/ Question - Catering in Alpine huts

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Boydfest - on 13 Oct 2012
I'm heading to the alps next June and was wondering about catering in the huts. Heading round Zermatt region. The websites show the huts to be open in June, and say "some catering" but don't explain what this means.

Can anyone who's been to these huts in June tell me what "some catering" means?
goatee - on 14 Oct 2012
In reply to Boydfest: Nearly all the huts are wardened and offer a meal service, ie breakfast and dinner. A lot of the huts do not allow you to cook for yourself but some do. These are said to allow self catering. If you wish to cook for yourself you can of course do it outside but check first if you can stay in the hut without buying food.
JLS on 14 Oct 2012
In reply to Boydfest:

It fairly safe to assume that at the wardened huts you'll get a set menu three course hearty meal.

Special dietary requests (veggie) are occasionally catered for but not garenteed.

I understand the sales of these meals are the wardens main income so you are more likely to remain in his good graces if you join the program and sign up for the big meal and basic breakfast deal. You are likely to also be able to buy food and drinks from a basic menu at other times but after around 5pm you'll be expected to wait until the big meal with the other visitors.

It may seem expensive but how many times in your life are you going to do it...?
Boydfest - on 14 Oct 2012
In reply to Boydfest:
Cheers guys.. I'm very happy to take them up on the food rather than lugging it with me!
Alex Croall - on 25 Oct 2012
In reply to Boydfest:

A word of warning, the huts around Zermatt fill up very fast in the summer, you may need to book ahead to garentee a bed and a meal! Any ideas what your going to climb?
FrJ on 26 Oct 2012
In reply to Boydfest:

June is pretty early season and you might find plenty of space - certainly on the weekdays - in all but the most popular huts.
When you book the warden should be able to confirm that there will be a meal on offer. Might even be worth an email to the hut at this stage as part of the planning.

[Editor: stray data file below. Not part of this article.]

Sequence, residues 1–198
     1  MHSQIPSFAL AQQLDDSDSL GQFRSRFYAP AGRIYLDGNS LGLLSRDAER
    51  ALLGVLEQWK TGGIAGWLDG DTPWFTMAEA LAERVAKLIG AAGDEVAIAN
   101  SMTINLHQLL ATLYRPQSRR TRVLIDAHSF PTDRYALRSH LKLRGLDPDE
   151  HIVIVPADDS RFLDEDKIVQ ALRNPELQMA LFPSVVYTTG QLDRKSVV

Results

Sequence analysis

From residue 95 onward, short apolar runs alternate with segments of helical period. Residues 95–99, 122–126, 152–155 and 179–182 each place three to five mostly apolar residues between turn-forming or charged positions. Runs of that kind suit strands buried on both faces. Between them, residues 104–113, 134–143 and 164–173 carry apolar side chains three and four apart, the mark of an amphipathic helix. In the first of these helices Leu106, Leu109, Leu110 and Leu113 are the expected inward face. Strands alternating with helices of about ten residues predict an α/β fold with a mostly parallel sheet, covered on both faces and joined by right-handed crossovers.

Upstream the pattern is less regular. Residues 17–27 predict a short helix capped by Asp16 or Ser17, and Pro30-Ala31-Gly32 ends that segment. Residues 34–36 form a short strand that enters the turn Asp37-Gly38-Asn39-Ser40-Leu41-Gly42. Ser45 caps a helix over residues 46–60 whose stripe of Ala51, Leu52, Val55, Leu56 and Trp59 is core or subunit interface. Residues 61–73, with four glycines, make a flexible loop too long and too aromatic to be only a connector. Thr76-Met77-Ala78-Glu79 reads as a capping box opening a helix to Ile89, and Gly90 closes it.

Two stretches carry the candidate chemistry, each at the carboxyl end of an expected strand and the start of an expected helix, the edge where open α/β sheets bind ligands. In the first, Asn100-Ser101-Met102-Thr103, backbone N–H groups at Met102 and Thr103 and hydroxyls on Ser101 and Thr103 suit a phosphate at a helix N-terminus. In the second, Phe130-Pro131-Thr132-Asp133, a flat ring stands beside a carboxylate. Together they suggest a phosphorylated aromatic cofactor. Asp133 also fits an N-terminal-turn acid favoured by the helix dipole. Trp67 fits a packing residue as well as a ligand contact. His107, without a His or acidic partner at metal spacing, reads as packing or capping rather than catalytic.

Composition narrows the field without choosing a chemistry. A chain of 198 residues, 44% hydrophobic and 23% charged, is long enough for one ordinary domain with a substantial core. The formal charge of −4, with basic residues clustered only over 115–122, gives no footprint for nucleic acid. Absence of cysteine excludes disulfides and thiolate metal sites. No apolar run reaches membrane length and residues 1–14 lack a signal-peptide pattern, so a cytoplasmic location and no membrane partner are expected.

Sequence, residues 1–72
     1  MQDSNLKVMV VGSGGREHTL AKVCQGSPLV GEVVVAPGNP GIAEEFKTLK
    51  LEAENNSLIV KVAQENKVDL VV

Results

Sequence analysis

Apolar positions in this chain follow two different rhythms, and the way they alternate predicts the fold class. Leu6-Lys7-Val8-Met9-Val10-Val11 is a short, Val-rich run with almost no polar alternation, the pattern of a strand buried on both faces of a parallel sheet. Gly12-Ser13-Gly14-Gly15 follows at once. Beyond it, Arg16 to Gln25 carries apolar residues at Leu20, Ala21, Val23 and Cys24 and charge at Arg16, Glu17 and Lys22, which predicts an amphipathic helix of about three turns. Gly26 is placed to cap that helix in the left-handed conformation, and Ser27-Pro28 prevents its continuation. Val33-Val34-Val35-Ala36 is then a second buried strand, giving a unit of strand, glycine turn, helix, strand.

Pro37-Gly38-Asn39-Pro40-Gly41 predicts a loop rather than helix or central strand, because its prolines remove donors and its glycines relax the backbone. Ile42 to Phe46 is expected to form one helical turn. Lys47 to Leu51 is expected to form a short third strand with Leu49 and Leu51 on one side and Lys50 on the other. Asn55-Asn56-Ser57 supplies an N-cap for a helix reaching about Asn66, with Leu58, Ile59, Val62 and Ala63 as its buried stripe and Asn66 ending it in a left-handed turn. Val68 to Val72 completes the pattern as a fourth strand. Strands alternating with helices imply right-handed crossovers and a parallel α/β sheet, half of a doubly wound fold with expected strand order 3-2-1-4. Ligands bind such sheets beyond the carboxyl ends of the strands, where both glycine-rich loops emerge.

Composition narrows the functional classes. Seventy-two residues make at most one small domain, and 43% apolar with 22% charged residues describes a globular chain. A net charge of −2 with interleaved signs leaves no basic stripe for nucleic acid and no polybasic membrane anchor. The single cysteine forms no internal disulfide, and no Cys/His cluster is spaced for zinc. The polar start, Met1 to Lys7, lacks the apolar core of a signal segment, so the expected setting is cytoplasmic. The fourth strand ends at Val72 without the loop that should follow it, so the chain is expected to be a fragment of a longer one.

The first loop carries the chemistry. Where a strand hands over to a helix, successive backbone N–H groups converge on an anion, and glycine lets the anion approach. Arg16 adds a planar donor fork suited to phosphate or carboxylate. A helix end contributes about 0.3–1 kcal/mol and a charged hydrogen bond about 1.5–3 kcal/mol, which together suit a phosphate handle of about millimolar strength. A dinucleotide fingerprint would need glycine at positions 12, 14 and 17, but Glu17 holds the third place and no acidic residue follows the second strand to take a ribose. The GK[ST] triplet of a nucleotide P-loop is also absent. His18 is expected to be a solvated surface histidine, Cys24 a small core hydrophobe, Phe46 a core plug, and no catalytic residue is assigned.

tallsteve - on 26 Oct 2012
In reply to Boydfest: The replies you get here are the standard replies to questions of this type. Yep - the warden earns his money from selling food, and if its a club hut pays a nice rent for the privilege of doing so. Thus they want you to buy food.

However - can you self cater? You'd be best to contact the national clubs that own the huts in the area as the huts operate to their policies.

Often breakfast is the same price as your evening meal which is usually bread and cereal - I tend to take some crunchy oats with milk powder added, then just add water a short distance from the hut on my way out. Having a big meal at the end of the day is pretty good though, but it does add to the cost dramatically.
MG - on 26 Oct 2012
In reply to tallsteve:

> However - can you self cater? You'd be best to contact the national clubs that own the huts in the area as the huts operate to their policies.

For the national clubs (CAF,CAI, CAS) the rules are roughly: France, self-catering is often possible in a separate room; Switzerland, warden will cook your food for a small fee; Italy no self-catering in the huts. Not all huts are owned by the national clubs and these may have different rules.

>
> Often breakfast is the same price as your evening meal which is usually bread and cereal

It is always a lot less in my experience but still quite pricey for what you get. Dry bread and luke-warm coffee, as is common in Switzerland and France, is indeed of limited appeal. Normally a bit better in Italy. Evening meals are almost always acceptable, sometimes wonderful
Frank4short - on 26 Oct 2012
In reply to JLS:


> It may seem expensive...

Until when you think about it, you realise that odds are the food has had to be flown in by helicopter. It's certainly far more reasonable when you think about it in those terms.
PondLife - on 30 Oct 2012
In reply to MG: Wonderful? I'm not sure if I would go that far ;-)
James Gilbert on 31 Oct 2012
In reply to PondLife:
> (In reply to MG) Wonderful? I'm not sure if I would go that far ;-)

Two words: Rifugio Monzino. The evening meals are excellent (cooked by a Tibetan chef), I happened to be there this summer during a birthday celebration and everyone got a glass of champagne and a slice of cake!
Joe G - on 31 Oct 2012
In reply to JLS:
> (In reply to Boydfest)
>
> I understand the sales of these meals are the wardens main income

I didn't realise this, but I'm glad I helped out the warden by having dinner in the Ecrins Hut and bivvying outside a while ago - a good combination - large tasty meal cooked for you, a carafe of vin rouge to enjoy on the terrace while soaking up the views, fill up water bottles and use the bog while at the hut, then retire for a good night's sleep away from the stuffy dormatories full of snoring farting climbers. And all for considerably cheaper than staying at the hut.
MG - on 31 Oct 2012
In reply to PondLife:
> (In reply to MG) Wonderful? I'm not sure if I would go that far ;-)


Choose your huts with more care :-)

Howard J - on 01 Nov 2012
In reply to MG:
> (In reply to tallsteve)
Switzerland, warden will cook your food for a small fee

On my first trip we were students on a particularly tight budget. We'd brought out some extremely cheap but extraordinarily vile dried soups and stews which we'd bought in catering packs from a cash-and-carry and split into smaller portions.

We arrived at a hut and handed a bag of unappetising grey dust to the guardian who simply put it on the shelf and gave us each a bowl of delicious stew from the pot he had going. We thought that was a pretty fair trade!

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